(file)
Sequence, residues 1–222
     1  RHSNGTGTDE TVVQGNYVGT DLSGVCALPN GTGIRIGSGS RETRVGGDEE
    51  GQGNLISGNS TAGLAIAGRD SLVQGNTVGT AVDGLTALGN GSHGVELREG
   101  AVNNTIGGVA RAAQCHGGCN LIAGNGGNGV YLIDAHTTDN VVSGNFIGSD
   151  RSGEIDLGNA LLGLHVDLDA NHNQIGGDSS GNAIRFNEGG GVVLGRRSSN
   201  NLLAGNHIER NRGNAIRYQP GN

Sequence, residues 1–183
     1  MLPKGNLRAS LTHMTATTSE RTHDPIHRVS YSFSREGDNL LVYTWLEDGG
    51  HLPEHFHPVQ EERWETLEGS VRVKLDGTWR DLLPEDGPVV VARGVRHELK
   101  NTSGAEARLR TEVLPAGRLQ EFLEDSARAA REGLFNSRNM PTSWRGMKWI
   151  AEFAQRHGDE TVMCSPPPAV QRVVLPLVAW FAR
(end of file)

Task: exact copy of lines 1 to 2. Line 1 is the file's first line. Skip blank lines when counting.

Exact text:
Sequence, residues 1–222
     1  RHSNGTGTDE TVVQGNYVGT DLSGVCALPN GTGIRIGSGS RETRVGGDEE